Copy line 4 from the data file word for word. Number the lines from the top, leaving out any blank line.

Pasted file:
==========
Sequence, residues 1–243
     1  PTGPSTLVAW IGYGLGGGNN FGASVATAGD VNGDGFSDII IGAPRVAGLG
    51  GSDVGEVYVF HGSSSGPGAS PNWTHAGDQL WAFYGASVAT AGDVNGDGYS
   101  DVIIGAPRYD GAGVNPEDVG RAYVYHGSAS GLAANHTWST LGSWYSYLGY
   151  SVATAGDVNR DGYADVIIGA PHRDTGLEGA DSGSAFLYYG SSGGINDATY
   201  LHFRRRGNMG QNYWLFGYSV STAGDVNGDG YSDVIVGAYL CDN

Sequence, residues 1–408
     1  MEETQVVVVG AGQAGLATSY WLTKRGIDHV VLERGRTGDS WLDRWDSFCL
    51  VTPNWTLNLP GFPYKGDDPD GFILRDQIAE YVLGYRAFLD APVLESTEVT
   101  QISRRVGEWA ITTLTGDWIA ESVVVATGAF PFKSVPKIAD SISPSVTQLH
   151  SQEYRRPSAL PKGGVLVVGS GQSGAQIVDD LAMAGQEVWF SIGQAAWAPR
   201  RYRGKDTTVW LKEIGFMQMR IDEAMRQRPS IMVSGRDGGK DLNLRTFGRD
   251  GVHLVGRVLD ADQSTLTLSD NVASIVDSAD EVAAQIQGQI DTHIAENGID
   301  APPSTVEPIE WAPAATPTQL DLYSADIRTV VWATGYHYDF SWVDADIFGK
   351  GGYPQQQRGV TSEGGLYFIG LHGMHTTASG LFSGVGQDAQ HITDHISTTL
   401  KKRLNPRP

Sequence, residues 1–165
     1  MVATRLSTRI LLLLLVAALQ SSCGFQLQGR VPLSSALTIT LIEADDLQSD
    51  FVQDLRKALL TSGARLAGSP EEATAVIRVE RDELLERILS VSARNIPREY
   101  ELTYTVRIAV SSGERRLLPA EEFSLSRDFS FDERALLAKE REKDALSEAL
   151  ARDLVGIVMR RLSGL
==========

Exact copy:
   101  DVIIGAPRYD GAGVNPEDVG RAYVYHGSAS GLAANHTWST LGSWYSYLGY